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Friday, 02 March 2018 11:03

GitHub hit by biggest ever DDoS at 1.35Tbps

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The software hosting repository GitHub was totally inaccessible for five minutes on Wednesday evening US time, following what is claimed to be the biggest distributed denial of service attack ever recorded.

In a blog post, GitHub said while the attack, which peaked at 1.3 Tbps via 126.9 million packets per second, also rendered its servers intermittently unavailable for another four minutes, no data was compromised as a result.

Akamai, which does the job of content delivery network for GitHub, said it was able to mitigate the attack which is said to have been carried out through an amplification vector using memcached over UDP port 11211.

GitHub said such attacks worked by abusing memcached instances that were accessible on the Internet with UDP support enabled.

"Spoofing of IP addresses allows memcached’s responses to be targeted against another address, like ones used to serve GitHub.com, and send more data toward the target than needs to be sent by the unspoofed source," the company said.

Thus far, the biggest DDoS attack has been one which was close to 1Tbps against the French hosting provider, OVH. Concurrent attacks against the company in September 2016 clocked in at 990Gbps.

The attacks on OVH were launched using the Mirai botnet which is made up thousands of IoT devices.

Akamai said there were more than more than 50,000 known vulnerable systems exposed at this time which could be used to launch similar attacks.

The amplification factor could be manipulated by changing the values in an open server, Akamai said, thus making it possible for a 203 byte request to result in a 100MB response of reflected traffic, per request.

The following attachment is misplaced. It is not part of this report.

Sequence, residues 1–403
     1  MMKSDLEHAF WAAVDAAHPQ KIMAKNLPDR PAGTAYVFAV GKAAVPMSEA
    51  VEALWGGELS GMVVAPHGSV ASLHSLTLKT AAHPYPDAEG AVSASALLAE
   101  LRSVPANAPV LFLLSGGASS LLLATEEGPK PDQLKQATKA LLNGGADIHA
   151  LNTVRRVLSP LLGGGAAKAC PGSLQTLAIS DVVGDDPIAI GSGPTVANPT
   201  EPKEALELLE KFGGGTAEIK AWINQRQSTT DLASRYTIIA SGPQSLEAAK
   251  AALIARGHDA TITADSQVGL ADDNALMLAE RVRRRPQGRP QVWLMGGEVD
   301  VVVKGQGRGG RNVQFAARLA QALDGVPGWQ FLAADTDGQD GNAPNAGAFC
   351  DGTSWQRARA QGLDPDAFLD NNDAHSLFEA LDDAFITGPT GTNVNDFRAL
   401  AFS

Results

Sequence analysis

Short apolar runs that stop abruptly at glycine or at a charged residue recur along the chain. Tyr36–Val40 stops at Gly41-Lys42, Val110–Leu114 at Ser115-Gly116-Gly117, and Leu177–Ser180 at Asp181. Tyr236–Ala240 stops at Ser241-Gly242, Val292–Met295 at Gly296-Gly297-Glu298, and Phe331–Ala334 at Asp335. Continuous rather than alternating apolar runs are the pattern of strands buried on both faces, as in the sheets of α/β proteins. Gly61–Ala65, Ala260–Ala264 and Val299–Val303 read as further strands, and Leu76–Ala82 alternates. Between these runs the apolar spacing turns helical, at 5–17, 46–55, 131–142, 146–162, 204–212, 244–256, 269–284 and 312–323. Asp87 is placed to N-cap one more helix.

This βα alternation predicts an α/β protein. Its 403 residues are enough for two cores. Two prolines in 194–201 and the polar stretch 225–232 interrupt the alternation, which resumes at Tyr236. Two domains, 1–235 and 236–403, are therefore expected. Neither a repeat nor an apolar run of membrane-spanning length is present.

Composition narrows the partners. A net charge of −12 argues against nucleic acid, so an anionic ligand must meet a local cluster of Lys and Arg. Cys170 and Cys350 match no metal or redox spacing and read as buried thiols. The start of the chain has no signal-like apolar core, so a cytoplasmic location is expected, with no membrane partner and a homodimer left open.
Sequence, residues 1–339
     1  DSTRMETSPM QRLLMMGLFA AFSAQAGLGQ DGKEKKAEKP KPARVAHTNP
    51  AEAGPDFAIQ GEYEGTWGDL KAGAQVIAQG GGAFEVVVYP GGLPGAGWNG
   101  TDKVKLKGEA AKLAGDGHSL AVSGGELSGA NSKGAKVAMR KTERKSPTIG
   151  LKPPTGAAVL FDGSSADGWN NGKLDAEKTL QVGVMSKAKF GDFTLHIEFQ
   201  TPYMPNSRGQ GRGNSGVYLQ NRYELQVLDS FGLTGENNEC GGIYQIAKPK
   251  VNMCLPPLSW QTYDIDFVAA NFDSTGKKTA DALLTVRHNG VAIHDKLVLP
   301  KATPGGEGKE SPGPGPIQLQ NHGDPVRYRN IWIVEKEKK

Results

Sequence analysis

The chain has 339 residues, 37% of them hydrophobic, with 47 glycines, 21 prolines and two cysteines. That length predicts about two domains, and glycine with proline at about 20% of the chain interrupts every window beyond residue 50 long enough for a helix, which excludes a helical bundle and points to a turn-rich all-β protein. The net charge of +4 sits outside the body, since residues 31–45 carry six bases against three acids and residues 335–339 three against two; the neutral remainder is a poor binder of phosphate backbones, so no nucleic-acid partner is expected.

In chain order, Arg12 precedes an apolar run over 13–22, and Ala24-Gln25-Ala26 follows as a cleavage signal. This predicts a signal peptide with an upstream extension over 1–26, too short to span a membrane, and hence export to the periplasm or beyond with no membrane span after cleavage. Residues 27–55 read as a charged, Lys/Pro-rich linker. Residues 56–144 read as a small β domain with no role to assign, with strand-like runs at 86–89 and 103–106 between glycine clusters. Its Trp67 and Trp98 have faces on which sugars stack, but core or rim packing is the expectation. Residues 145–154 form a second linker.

It said the way to counter this was by blocking port 11211. "By default, memcached listens on localhost on TCP and UDP port 11211 on most versions of Linux, but in some distributions it is configured to listen to this port on all interfaces by default," Akamai said.

Graphic: courtesy Akamai 

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Sam Varghese has been writing for iTWire since 2006, a year after the site came into existence. For nearly a decade thereafter, he wrote mostly about free and open source software, based on his own use of this genre of software. Since May 2016, he has been writing across many areas of technology. He has been a journalist for nearly 40 years in India (Indian Express and Deccan Herald), the UAE (Khaleej Times) and Australia (Daily Commercial News (now defunct) and The Age). His personal blog is titled Irregular Expression.

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